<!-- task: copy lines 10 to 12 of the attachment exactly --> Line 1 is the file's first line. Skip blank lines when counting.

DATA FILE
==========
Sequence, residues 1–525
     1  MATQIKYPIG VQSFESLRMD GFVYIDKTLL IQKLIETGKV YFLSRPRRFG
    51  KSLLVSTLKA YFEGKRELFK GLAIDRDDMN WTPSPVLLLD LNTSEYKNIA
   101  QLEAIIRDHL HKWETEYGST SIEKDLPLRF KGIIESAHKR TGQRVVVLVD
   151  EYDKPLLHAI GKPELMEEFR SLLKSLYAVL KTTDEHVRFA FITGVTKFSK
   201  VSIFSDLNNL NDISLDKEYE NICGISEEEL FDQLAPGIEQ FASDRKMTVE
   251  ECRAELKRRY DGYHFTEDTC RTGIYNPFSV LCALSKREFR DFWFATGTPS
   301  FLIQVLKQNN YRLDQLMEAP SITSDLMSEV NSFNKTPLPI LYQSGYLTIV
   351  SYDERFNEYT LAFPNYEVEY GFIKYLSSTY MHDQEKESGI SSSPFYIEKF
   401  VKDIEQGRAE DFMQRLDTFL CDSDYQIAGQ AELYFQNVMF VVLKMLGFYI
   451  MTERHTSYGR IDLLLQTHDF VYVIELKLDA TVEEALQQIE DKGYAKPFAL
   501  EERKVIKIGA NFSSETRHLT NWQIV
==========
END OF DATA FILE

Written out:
   401  VKDIEQGRAE DFMQRLDTFL CDSDYQIAGQ AELYFQNVMF VVLKMLGFYI
   451  MTERHTSYGR IDLLLQTHDF VYVIELKLDA TVEEALQQIE DKGYAKPFAL
   501  EERKVIKIGA NFSSETRHLT NWQIV